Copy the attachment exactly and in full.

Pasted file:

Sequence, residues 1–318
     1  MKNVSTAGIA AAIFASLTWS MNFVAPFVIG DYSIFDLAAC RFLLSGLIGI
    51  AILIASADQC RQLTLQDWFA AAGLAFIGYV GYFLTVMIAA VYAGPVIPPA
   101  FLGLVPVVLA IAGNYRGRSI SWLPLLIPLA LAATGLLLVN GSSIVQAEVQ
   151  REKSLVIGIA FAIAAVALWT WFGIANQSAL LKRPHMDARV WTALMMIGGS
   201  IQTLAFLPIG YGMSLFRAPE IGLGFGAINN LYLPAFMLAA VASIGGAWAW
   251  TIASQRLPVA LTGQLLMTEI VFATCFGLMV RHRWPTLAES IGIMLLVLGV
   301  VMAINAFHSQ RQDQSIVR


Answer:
Sequence, residues 1–318
     1  MKNVSTAGIA AAIFASLTWS MNFVAPFVIG DYSIFDLAAC RFLLSGLIGI
    51  AILIASADQC RQLTLQDWFA AAGLAFIGYV GYFLTVMIAA VYAGPVIPPA
   101  FLGLVPVVLA IAGNYRGRSI SWLPLLIPLA LAATGLLLVN GSSIVQAEVQ
   151  REKSLVIGIA FAIAAVALWT WFGIANQSAL LKRPHMDARV WTALMMIGGS
   201  IQTLAFLPIG YGMSLFRAPE IGLGFGAINN LYLPAFMLAA VASIGGAWAW
   251  TIASQRLPVA LTGQLLMTEI VFATCFGLMV RHRWPTLAES IGIMLLVLGV
   301  VMAINAFHSQ RQDQSIVR